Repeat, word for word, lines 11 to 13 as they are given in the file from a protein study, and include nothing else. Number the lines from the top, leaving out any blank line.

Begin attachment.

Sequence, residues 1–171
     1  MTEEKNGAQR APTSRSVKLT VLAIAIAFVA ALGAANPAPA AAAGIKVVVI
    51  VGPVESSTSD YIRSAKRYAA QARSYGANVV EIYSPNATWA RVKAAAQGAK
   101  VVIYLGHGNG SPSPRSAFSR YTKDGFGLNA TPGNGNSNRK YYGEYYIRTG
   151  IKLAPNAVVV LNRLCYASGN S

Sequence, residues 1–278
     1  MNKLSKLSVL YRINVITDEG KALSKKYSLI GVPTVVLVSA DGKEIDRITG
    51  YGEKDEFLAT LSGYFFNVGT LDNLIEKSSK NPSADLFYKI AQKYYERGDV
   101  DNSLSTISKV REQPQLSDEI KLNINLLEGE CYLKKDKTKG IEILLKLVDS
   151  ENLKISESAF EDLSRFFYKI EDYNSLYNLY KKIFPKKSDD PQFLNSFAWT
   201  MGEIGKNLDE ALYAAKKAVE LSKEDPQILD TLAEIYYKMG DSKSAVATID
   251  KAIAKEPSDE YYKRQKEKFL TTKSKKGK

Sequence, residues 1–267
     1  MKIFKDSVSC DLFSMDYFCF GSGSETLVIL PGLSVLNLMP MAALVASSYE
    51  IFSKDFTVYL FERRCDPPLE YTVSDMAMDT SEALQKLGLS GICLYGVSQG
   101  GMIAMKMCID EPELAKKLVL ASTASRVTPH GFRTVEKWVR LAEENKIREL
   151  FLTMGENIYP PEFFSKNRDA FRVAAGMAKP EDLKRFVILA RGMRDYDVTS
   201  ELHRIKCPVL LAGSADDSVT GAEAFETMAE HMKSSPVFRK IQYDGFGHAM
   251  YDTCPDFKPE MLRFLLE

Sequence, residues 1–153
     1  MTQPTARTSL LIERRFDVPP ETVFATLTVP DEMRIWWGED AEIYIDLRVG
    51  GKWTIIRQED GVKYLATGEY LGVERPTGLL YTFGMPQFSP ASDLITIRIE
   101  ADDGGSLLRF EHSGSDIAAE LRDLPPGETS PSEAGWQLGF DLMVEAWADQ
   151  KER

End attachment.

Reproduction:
   201  MGEIGKNLDE ALYAAKKAVE LSKEDPQILD TLAEIYYKMG DSKSAVATID
   251  KAIAKEPSDE YYKRQKEKFL TTKSKKGK

Sequence, residues 1–267